Saturday, July 25, 2009

No Dice For 10 Years For Convicted Craps Cheat!

That´s what a Connecticut judge told Mr. Richard (Mr. Cool) Taylor at his sentencing hearing yesterday. Well, I don't entirely agree with the judge because Taylor will surely find some craps games in state prison, but he will have to play without the hot babes on his arms, and surely without cheating. You can bet your ass his fellow jailbirds will be watching him like a hawk around the prison makeshift craps table, which will probably be a dirt pit in the prison yard and not one of those miniature craps tables you can by in novelty stores that the prosecution brought into the courtroom during Taylor´s trial. In any event, Taylor got more prison time for his little $70,000 2-casino scam than those so far sentenced in the Tran Organization baccarat scam that netted $20 million in fifteen casinos over five years. I guess his attitude in the courtroom didn't help him much.

Here's a newspaper account of the events:

Richard “Mr. Casino” Taylor proclaimed himself “the best dice player in the world” and declared his innocence just minutes before he was sentenced Friday to 10 years in prison for masterminding a craps cheating conspiracy that cost Foxwoods Resort Casino an estimated $70,000 and ruined the careers of a dozen employees.

A New London jury found Taylor guilty in May of cheating, conspiracy to commit cheating, first-degree larceny and conspiracy to commit first-degree larceny. It was the first major cheating trial in the state that plays host to two of the world's largest casinos. According to court testimony, Taylor had recruited dealers who were willing to pay players for late or illegal bets, then met up with the casino employees outside the casino to pay them for their services. The scam involved a dozen employees, including dealers and managers.

Taylor maintained his confident attitude and his innocence to the end, strutting into the courtroom in his prison tans in the same manner that dealers testifying at the trial had described him walking up to craps tables with large amounts of money and women on his arms. He said the former Foxwoods employees were liars. In taking his case to trial, the 43-year-old Memphis, Tenn., resident had rejected the state's offer to plead guilty in exchange for a four-year prison sentence.

”Yes, I played at the casino,” he said. “I won and I lost. I am the best dice player in the world, period. And I do not cheat.” In anticipation of sentencing, Taylor's supporters had sent letters to the court on his behalf that his troubles were the result of a gambling addiction. ”Mr. Taylor, your family and friends and neighbors call it an addiction,” said Judge Stuart M. Schimelman. “I call it arrogance, because in the course of this trial, you made it clear to me and the jury that it's everyone's fault but your own.” This was not a victimless crime, Schimelman said. He listed among the victims the casino, the tribal entity that owns it and the citizens of Connecticut. ”Mr. Taylor made it clear that not only did he think he could beat a legal gambling system by cheating but he could beat the judicial system as well,” Schimelman said.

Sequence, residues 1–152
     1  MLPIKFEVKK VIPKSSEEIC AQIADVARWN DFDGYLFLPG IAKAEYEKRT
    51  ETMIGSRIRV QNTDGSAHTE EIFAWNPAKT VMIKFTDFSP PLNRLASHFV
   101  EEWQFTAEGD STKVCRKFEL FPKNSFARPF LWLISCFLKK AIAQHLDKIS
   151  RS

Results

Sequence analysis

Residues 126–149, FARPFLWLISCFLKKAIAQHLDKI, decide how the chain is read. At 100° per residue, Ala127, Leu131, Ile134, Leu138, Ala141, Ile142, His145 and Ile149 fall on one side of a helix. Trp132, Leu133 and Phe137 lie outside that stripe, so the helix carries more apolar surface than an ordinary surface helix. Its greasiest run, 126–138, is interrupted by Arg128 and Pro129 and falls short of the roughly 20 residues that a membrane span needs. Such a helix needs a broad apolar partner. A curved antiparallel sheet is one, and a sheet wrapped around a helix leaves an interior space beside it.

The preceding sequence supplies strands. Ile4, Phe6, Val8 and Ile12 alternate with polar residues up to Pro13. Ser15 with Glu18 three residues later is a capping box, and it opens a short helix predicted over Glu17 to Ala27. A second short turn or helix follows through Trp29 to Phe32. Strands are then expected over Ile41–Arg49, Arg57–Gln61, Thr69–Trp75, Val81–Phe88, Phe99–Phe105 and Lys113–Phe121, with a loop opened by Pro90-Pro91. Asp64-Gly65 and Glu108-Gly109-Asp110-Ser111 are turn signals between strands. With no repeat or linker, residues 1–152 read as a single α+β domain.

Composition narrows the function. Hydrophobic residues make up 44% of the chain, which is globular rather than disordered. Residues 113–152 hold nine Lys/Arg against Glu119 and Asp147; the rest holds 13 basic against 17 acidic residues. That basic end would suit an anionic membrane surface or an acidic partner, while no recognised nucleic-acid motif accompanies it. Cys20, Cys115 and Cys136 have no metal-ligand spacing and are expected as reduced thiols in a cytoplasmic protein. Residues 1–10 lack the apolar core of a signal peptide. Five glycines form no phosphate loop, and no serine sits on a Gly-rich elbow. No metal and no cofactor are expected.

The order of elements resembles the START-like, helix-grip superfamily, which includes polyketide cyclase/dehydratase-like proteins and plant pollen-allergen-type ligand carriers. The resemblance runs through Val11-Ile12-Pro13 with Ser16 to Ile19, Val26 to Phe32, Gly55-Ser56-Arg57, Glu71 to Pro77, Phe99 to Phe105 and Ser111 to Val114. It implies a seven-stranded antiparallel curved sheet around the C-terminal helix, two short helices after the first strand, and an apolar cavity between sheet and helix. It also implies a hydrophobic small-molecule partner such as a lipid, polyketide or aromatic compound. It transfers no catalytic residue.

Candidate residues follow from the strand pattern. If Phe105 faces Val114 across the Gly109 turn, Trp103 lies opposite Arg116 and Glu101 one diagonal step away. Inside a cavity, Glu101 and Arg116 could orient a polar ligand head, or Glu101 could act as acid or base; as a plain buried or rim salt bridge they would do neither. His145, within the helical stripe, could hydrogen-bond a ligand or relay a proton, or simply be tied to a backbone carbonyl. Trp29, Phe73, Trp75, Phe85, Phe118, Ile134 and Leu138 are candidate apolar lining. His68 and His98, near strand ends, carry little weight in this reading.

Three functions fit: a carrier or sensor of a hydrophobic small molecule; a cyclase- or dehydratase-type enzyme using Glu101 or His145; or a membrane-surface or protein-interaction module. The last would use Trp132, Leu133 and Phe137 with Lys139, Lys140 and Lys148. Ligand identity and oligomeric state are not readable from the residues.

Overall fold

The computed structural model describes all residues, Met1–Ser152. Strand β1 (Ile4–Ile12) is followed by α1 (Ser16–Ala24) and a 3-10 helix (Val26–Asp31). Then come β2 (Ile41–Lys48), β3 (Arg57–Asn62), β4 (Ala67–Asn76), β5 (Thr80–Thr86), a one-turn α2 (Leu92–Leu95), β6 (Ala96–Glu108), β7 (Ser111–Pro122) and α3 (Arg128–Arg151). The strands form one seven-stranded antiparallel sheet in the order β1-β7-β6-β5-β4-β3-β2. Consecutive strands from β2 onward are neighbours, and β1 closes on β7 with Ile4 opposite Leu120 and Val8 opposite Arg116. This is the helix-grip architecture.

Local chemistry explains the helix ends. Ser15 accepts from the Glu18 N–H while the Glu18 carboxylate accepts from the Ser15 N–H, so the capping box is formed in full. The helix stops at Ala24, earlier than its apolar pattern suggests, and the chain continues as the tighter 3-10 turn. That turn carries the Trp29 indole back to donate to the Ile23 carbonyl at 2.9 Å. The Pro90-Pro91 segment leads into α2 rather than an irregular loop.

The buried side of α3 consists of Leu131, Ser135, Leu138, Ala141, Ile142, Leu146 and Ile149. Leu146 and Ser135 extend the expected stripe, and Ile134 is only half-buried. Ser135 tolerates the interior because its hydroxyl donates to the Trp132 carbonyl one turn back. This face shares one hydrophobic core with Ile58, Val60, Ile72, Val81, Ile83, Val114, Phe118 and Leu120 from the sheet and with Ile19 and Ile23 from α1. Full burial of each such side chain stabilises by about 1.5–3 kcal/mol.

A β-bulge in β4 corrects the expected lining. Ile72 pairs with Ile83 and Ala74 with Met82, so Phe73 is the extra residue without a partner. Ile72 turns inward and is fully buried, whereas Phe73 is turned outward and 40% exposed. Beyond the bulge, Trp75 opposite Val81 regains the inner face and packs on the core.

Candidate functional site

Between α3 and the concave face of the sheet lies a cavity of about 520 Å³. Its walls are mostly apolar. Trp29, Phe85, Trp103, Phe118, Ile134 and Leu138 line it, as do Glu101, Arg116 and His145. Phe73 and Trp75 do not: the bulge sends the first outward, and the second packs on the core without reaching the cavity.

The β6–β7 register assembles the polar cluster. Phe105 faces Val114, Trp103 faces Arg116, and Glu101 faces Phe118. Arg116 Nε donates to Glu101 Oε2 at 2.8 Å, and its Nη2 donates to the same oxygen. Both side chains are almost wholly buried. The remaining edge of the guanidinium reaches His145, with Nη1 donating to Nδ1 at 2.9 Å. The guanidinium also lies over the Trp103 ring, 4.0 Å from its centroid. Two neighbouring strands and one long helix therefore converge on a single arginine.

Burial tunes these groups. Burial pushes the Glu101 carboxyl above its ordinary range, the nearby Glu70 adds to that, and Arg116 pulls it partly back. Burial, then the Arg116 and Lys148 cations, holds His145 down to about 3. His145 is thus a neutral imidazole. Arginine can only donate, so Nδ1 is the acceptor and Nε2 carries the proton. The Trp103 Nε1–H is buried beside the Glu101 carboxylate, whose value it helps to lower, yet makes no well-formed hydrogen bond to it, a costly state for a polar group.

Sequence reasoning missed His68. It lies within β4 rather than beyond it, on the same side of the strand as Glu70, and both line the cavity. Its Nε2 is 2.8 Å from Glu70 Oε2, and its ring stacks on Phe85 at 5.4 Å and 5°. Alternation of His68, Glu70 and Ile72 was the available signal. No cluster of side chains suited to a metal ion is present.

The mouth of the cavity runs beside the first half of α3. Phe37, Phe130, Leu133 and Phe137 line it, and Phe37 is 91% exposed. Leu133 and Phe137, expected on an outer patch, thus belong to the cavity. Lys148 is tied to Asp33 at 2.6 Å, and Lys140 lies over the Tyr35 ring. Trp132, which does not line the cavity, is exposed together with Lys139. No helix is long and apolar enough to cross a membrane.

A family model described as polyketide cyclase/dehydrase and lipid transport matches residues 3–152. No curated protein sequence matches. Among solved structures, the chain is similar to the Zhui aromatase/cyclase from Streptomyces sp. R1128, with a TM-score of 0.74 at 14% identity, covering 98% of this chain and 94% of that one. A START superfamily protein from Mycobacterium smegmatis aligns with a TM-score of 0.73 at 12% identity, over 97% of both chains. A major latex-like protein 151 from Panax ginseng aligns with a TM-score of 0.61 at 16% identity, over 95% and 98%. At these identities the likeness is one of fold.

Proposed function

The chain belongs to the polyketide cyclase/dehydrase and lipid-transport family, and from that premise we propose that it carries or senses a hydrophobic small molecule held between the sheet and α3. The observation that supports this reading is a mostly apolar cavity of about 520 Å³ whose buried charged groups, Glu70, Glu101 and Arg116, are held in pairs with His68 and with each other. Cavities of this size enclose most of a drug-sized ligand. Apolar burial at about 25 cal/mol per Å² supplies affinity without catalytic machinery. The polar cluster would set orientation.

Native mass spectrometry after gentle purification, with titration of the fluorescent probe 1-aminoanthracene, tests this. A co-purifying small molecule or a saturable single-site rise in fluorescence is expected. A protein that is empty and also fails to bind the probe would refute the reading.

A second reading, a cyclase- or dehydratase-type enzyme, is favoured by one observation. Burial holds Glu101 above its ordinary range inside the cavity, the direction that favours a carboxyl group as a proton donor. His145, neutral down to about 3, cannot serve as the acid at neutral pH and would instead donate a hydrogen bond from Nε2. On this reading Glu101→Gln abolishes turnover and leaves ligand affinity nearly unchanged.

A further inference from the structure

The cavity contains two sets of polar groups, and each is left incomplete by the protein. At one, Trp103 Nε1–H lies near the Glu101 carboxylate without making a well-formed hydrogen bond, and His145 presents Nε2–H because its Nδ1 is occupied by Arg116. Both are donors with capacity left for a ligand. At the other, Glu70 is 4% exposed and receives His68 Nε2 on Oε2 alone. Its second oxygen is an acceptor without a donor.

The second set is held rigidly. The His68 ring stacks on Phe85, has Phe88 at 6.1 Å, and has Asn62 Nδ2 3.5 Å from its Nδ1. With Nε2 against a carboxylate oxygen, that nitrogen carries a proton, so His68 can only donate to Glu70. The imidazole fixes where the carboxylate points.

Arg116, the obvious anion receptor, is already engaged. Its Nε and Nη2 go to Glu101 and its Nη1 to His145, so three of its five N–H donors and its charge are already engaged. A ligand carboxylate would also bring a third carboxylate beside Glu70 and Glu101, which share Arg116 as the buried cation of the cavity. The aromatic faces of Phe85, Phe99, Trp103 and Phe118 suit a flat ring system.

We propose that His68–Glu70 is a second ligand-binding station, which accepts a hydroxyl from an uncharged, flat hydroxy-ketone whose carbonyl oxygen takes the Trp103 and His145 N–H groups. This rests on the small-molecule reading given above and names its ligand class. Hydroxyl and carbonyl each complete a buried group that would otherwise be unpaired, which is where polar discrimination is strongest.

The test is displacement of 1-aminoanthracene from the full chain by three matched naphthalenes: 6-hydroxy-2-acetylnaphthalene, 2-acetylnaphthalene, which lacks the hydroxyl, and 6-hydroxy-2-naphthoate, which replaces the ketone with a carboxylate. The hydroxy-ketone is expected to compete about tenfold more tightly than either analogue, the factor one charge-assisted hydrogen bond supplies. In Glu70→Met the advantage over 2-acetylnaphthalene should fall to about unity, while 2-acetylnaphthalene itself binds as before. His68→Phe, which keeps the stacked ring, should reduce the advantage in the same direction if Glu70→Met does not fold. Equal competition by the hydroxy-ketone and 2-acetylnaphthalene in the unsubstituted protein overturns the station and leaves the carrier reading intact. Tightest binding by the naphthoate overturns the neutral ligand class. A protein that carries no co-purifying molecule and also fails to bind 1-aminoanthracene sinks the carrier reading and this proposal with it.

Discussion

During the trial, Taylor claimed he had a winning system for craps and did not need to cheat. Prosecutors Stephen M. Carney and David J. Smith had called a craps expert to debunk his claim and had set up a makeshift craps layout in the courtroom to demonstrate the game. The case was important to the operators of Foxwoods Resort Casino, who were watching to see how the state, which has criminal jurisdiction over the casino, would handle the case, and were hoping a message would be sent to prospective cheaters.

Jeffrey DeClerck, inspector general of the casino, and other executives were pleased with the outcome and immediately began making cell phone calls to tribal officials and regulators in other jurisdictions. Taylor had been charged with cheating elsewhere but had never been convicted. ”We think it should be well known that Connecticut is very willing to pursue these charges so people who would pursue these activities do not come here,” said Carney, the prosecutor.

Taylor plans to appeal his sentence of 13 years in prison, suspended after 10 years served, and three years probation. The judge set a $350,000 appeal bond, meaning Taylor would have to post that amount in order to get out of prison while his appeal is pending. Schimelman ordered Taylor to undergo gambling treatment while on probation and said he would be banned from casinos everywhere and from Internet gambling.